As they say in the homicide interrogation room, it'll be easier if you confess.
So my three playing partners do just that, right on the first tee of Walt Disney World's Osprey Ridge Golf Course. They are, they admit, no-good cheating bums who will abandon their loved ones--even here in the family vacation capital--for the allure of 18 holes.
The confessions come in response to my simple question, "What brings you to town?"
"A 2 1/2-year-old," says Dan, who is about 35 and from New York. His pal Chris is here because of a 10-year-old, "to take her to the land of the Mouse, of course."
Mike, who is a generation older, arrived from Maryland the day before with his wife to look after their grandkids while their son goes on a romantic cruise with his spouse.
Noble intentions all. So what are they doing on the golf course?
"Your wife doesn't mind if you take off the first day?" I ask Mike.
"I'm gonna take off every day," he replies.
With that, he tees off--slicing his ball across a cart path and into the trees, a clear dose of justice if ever there was one. That I hit my own drive down the middle also is justice. For in this group, I alone can claim the moral high ground. I'm in town on business. I'm only cheating on my job to enjoy an afternoon on a course that's both a nature preserve and, as they say, a "solid test."
Although Florida as a whole has long been a natural for golfing, the Orlando area didn't have tournament-caliber courses until 1971, when Walt Disney World opened with two--the Magnolia and the Palm--on its vast property. (So what if one had a sand trap shaped like Mickey's ears.) In 1980, no less than Arnold Palmer added his personal touches to the Bay Hill Club up Interstate 4, setting the stage for another yearly pro tournament in town. Then Jack Nicklaus crafted two showpiece courses for the opulent Grand Cypress resort. And on it went. Today there are 125 courses in the Greater Orlando area.
This is also home to some of the biggest names in golf, including Masters champs Tiger Woods and Mark O'Meara. (They live in the gated Isleworth golf community, along with other sports celebs such as Shaquille O'Neal and Ken Griffey Jr.) While Florida's friendly tax laws are Incentive No. 1 to live here, the private Isleworth course, which includes a replica of Augusta's notorious Amen Corner par 3, is another magnet for the rich and famous. It even has Henry Moore sculptures.
If Orlando is good enough for the pros, it figures to have enough high-level courses to tempt the amateurs here for family time. Indeed, 2% of the people visiting the area with their children do squeeze in some golf, according to the Orlando/Orange County Convention and Visitors Bureau. That may not sound like much, but it translated into a quarter of a million rounds at the five Disney courses alone last year.
So, on my visit this past spring, I set out to find strategies for teeing off without making rounds of park-visiting out of bounds.
The fanciest choice, without question, is the Hyatt Regency Grand Cypress resort, which is a virtual cart ride from the Disney complex yet a world unto itself. It has a high-rise with a rain forest in the atrium and 147 villas set on 1,500 acres that include an equestrian center, a lake for sailing, a heliport . . . and 45 holes of Nicklaus-designed golf, good enough to have hosted the Tournament of Champions for the women's pro tour.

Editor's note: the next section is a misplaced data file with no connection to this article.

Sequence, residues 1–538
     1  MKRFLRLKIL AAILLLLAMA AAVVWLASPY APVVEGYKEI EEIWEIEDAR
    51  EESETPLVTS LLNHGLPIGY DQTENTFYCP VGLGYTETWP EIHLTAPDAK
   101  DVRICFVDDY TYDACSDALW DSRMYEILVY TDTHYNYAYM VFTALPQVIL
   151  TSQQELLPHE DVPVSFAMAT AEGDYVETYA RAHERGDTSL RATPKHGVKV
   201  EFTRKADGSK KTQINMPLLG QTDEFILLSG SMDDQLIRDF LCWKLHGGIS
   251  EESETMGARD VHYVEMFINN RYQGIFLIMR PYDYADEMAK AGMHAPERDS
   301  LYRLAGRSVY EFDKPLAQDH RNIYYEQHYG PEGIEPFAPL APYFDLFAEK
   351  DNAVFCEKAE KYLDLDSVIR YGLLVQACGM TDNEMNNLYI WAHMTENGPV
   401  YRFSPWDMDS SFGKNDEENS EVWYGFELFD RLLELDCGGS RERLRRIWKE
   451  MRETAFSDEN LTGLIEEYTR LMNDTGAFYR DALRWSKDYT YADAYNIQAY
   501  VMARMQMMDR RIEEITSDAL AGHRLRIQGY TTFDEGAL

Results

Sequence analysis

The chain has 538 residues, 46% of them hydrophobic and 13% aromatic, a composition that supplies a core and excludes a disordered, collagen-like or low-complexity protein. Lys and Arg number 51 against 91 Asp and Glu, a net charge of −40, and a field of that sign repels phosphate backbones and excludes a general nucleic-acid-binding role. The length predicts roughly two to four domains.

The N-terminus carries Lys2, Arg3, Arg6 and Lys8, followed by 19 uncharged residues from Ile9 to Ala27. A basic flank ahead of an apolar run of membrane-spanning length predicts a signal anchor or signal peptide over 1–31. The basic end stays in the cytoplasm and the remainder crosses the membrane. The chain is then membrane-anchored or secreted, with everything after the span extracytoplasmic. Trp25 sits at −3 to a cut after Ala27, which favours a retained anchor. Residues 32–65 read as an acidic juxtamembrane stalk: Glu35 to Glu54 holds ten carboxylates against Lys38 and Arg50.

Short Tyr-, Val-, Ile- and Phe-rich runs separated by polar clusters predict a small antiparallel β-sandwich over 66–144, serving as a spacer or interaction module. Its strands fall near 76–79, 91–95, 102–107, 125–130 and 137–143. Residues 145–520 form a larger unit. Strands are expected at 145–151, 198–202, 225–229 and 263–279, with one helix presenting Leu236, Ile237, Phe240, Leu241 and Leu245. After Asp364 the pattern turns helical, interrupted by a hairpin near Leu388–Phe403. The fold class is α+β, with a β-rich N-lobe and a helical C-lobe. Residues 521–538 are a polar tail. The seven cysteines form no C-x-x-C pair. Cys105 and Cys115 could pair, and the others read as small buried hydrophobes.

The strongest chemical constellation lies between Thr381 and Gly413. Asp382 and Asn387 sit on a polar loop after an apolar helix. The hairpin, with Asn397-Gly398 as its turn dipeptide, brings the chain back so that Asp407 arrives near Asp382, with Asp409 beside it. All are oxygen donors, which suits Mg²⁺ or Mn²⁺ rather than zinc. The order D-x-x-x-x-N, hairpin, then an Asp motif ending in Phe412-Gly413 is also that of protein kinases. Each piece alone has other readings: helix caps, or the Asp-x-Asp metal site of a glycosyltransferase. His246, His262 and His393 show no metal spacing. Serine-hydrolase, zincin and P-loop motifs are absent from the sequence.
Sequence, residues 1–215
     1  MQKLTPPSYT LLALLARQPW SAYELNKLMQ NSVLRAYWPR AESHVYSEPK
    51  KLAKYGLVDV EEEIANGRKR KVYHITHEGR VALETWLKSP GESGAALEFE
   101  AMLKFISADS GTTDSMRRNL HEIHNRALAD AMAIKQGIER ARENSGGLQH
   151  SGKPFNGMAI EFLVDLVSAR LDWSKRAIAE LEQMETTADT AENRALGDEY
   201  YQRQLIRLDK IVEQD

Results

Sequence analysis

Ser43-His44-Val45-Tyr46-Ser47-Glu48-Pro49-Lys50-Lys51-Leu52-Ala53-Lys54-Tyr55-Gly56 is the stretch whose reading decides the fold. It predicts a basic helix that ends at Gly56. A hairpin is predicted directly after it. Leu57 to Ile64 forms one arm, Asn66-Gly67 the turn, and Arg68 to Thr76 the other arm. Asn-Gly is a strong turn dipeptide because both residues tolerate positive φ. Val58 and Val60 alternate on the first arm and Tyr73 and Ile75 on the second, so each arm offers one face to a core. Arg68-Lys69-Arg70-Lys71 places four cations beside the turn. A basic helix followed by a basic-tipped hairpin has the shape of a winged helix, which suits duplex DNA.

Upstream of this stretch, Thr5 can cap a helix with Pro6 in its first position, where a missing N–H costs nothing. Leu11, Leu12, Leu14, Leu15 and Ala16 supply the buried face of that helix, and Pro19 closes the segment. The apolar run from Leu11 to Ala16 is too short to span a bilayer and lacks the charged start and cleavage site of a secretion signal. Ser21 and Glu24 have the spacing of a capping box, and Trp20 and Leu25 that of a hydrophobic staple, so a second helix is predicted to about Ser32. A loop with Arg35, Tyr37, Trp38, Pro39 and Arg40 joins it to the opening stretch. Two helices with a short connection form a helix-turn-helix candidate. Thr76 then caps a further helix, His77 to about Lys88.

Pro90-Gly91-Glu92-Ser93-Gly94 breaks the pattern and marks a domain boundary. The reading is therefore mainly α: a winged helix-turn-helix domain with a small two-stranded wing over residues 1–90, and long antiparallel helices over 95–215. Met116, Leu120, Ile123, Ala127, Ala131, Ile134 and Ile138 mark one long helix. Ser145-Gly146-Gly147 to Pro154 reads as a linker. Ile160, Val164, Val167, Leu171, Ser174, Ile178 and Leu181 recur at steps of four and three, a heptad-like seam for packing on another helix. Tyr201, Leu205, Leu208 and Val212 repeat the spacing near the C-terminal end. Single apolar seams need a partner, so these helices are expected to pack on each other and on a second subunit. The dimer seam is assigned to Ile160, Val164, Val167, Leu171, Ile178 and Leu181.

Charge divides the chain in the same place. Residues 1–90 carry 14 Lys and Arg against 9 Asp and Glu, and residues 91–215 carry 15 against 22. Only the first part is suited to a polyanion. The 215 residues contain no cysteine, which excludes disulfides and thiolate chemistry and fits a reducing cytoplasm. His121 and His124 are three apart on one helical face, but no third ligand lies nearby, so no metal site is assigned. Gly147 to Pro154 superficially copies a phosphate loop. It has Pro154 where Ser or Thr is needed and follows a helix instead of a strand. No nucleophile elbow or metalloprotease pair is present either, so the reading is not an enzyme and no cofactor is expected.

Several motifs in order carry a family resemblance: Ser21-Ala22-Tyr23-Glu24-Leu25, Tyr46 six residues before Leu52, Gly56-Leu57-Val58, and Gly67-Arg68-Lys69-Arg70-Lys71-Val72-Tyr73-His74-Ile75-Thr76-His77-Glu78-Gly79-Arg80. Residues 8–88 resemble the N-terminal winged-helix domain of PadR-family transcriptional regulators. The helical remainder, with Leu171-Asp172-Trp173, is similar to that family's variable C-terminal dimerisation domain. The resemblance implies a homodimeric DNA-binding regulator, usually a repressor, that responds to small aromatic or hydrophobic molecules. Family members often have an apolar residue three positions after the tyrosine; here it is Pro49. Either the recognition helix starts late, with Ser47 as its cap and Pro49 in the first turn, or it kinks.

Maybe you can't get on Tiger's home course at Isleworth across town, but here you can play Jack's "New Course." Opened in 1988, it's modeled after Scotland's Saint Andrews, the birthplace of the game, complete with the trademark pot bunkers, stone bridges, undulating double greens (shared by two holes) and a replica of the legendary Road Hole.
You do have to stay in the resort to play, and it can be pricey--a golf package for two during prime winter months runs more than $500 a night. You don't have to worry about that nasty Scottish weather, though, and there are those other attractions close by. One of the pros, Doug Middleton, says that even the golfing fanatics here are probably "coming to see Disney, but they don't want to stay on Disney property."
"If they're purists, they're going to find a way to play," is how he sums it up.
Even more for golfing purists is Palmer's Bay Hill Club and Lodge, for it's not as close to the theme parks and really is built around the game. It's basically a private golf club with rooms (64) for outsiders. The accommodations are rustic, almost bare-bones compared with the Grand Cypress' digs--you wouldn't stay here and not golf.
This is one of those places where you can play the very holes you see the pros tackling on TV. The water-guarded 18th at Bay Hill is always one of the toughest holes on the PGA tour.
There's also an on-site Arnold Palmer Golf Academy, with programs from half a day to five days long. But just when you think Arnie's club is all about golf, you learn that the classes run only from 8 a.m. to noon. That's in part, explains marketing director Gary Lorfano, so "people with families can take them over to Disney in the afternoon."
If you're really worried that you're going to be kept off the links by the pull of the theme parks--whether Disney, the new Universal Studios or the others--another option is to head down the road, a little farther from their gravity force.
A half-hour southwest on Interstate 4 is the Grenelefe Golf and Tennis Resort, whose three courses are frequently used by the PGA's brutal "Q School," where the world's aspiring golfers compete to qualify for the lucrative American tours.
The showpiece is Grenelefe West, designed by Robert Trent Jones Sr., a looonnnggg course through oaks and pines--local pros say they'd push it as a site for the U.S. Open if not for Florida's heat in June, when that event is held.
The 750 units here are family-size one-bedroom suites, but if families come, it's largely for golf or tennis. The three Grenelefe courses chalk up 140,000 rounds a year, says golf director Tom Donahue. He figures a good chunk of guests are "business guys looking to get away." The others? The average stay is two nights, three days, and he concedes that "on one of those days, they usually go . . ." You know where.
Which brings up that other, very plausible option for golfers--staying right in the belly of that squeaking beast.
The first day of my exploration, a sign in front of the clubhouse for Disney's newest courses (next to sculptures shaped like huge tees) boasts that the empire itself offers "99 holes of golf."